Bob Lambert

Jazz on the harmonica

Cloud databases and business/IT alignment


Today, the foundation of most of our custom-built systems is a relational dbms.  While development frameworks vary, they overwhelmingly access and maintain data in relational tables and columns.  As I write I routinely save this post in a MySQL database, and at work I tend SQL Server applications.  Millions of others develop, use, and extract analytical data from thousands of SQL Server, DB2, and Oracle applications, on servers and networks maintained in-house by in-house administrators.

Some claim that the relational dbms may be out of style very soon.  Cool new “cloud computing” and “SaaS” apps and services  delivered over the internet seem to be popping up everywhere – just look at, the well-established Customer Relations Manager vendor, and the many cloud-based PC backup sites.  As part of that trend, Amazon, Google, Microsoft and others offer database services over the internet that don’t look much like relational dbms’s.  Some supporters of the cloud-db options seek alternatives to the standard relational DBMS (note this widely read article).  Of these, many are OO developers.  There’s a fundamental dissonance between OO and relational approaches, requiring an intermediate object/relational mapping (ORM) layer for OO systems to operate effectively with relational DBMSs.  Many of the new cloud-db options are open source, lightly structured data services provided via the internet, capable of storing and delivering large data stores for high availability, fast response applications.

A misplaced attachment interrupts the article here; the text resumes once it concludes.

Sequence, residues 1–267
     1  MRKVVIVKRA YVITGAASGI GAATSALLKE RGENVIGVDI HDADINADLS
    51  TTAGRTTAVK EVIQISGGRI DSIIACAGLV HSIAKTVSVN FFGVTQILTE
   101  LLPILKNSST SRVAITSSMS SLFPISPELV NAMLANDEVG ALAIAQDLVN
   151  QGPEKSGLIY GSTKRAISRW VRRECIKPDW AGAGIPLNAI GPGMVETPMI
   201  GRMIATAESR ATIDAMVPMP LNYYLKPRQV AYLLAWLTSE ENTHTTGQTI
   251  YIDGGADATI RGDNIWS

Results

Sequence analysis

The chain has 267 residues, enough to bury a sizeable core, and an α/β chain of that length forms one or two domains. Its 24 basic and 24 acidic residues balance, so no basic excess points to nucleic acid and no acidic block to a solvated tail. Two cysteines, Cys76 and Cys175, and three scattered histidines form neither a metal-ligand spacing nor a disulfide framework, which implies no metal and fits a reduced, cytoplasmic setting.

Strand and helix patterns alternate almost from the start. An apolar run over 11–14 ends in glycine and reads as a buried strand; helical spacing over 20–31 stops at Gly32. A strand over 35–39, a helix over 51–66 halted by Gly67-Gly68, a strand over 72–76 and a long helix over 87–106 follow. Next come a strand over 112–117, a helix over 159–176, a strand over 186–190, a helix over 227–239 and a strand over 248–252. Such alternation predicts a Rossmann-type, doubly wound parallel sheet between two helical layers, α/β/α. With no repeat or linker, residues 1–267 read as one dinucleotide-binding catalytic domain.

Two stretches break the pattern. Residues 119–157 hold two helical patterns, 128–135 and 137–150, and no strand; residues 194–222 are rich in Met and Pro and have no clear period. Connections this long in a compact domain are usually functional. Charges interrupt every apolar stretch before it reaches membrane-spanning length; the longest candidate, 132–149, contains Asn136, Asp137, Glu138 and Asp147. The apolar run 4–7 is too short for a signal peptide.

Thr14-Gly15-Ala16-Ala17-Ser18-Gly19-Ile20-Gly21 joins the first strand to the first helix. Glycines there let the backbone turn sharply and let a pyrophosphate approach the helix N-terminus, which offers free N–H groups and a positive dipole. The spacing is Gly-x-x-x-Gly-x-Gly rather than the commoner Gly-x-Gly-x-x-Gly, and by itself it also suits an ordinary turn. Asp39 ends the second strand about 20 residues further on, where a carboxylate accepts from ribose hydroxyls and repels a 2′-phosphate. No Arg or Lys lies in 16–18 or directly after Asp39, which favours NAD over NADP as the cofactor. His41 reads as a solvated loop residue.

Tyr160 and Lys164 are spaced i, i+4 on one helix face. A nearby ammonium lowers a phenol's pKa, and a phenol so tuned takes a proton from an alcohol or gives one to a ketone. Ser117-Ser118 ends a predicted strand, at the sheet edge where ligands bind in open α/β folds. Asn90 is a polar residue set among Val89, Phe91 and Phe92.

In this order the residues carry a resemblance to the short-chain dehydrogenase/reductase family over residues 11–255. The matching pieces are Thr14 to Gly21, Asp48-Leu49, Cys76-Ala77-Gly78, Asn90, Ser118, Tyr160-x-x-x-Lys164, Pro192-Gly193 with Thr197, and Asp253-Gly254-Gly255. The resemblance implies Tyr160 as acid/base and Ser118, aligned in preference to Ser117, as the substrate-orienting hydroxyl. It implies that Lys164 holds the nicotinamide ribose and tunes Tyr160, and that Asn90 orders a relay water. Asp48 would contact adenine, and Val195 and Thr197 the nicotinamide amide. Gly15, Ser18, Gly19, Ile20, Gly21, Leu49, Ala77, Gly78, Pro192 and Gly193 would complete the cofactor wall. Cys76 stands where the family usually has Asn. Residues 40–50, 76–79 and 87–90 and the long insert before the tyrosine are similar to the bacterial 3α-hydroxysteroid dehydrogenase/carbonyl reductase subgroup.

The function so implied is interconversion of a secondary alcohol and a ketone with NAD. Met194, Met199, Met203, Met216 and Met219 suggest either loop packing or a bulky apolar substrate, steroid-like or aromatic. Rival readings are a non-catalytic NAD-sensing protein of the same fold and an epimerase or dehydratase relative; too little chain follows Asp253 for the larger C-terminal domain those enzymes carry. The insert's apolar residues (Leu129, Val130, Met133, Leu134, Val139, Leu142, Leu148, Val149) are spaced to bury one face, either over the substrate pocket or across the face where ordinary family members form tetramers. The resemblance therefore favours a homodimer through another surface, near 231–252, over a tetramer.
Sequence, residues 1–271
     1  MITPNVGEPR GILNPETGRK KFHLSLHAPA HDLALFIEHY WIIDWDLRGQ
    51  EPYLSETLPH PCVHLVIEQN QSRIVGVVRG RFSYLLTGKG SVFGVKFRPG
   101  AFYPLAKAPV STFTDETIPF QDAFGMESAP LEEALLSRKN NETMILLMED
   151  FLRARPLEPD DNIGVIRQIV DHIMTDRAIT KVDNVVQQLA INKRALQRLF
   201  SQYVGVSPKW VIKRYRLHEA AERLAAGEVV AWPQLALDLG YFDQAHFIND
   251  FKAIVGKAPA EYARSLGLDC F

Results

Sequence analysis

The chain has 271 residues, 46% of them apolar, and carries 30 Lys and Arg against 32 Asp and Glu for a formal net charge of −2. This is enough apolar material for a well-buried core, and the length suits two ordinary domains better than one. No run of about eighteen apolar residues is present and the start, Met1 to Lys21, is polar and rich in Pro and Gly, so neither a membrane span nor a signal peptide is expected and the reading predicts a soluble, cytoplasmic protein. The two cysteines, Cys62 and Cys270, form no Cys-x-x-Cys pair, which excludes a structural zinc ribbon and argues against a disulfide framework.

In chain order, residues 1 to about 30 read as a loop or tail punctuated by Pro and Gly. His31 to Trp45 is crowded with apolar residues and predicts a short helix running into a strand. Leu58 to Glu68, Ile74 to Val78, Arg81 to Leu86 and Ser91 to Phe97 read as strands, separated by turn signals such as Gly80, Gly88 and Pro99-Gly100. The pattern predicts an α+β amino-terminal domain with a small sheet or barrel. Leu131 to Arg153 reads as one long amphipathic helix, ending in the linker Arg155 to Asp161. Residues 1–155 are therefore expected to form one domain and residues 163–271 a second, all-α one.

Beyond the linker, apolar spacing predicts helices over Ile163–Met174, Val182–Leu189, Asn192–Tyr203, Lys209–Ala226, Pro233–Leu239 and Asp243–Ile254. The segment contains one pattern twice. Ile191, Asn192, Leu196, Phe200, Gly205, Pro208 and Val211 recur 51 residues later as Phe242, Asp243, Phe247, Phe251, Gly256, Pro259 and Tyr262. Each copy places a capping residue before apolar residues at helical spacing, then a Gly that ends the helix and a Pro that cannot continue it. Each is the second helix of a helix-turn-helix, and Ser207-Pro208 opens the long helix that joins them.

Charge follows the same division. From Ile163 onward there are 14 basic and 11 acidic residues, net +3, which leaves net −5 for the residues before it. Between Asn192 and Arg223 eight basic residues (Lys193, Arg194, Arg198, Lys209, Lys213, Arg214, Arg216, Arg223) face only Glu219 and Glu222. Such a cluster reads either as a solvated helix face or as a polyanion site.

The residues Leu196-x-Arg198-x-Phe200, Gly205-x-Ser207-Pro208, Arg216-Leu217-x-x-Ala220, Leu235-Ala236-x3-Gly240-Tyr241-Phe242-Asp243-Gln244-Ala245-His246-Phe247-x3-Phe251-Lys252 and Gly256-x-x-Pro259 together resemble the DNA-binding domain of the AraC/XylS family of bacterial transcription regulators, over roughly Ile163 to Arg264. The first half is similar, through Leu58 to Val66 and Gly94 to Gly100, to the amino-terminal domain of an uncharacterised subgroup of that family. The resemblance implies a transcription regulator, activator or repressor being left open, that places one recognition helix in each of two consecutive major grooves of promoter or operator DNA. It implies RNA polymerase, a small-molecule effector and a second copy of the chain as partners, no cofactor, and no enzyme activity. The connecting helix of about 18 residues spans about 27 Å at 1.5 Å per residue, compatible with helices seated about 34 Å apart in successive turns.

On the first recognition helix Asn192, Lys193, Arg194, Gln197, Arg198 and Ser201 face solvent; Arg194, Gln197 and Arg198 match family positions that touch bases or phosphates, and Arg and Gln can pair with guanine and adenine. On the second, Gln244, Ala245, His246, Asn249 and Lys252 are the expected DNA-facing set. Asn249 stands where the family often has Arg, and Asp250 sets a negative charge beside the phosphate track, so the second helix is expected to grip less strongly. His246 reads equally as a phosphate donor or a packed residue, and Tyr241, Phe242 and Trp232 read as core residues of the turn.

The convenient thing about relational databases is that they pretty much match the business view of data, and therefore give business people and developers common ground.  A well thought out relational data model is one way to express the inherent structure of business rules (see this previous post).  A relational model at the back end of a custom-built system means that both developers and business people can talk about the real guts of a system in ways that make sense to both, like this:

  • Developer to business person: “Should we allow a part_order to include items from only one division”
  • Business person to developer: “After a call from our shipping department, I ran a query on the part_order table and found a that there is a part_order with null shipper_phone_number. I thought it was a required column, what’s up?

How’s it going to be when those comments don’t reflect the underlying structure of the database?  Today’s cloud db offerings vary in structure, but tend to favor highly efficient and flexible models like name-value pairs, and avoid the overhead required by semantic layers like the relational model.  According to the MongoDB site, “by reducing transactional semantics the db provides, one can solve an interesting set of problems where performance is very important.”

In such databases the structure of the data will be hidden from business people; there will be no shared business/IT view.  Rather than talking with business people about the actual database structure we’ll talk about its custom abstraction, and when things go poorly with performance and functionality the developer will in effect say “trust me on this one” to the business person rather than explaining what’s up.

For a long time cloud databases will be another option alongside the relational model, but the more prominent cloud databases become the more difficult it will be for developers and business people to communicate about business data in IT applications, and it could be a serious challenge for developers to learn to cross that communications gap without the bridge provided by the relational model.




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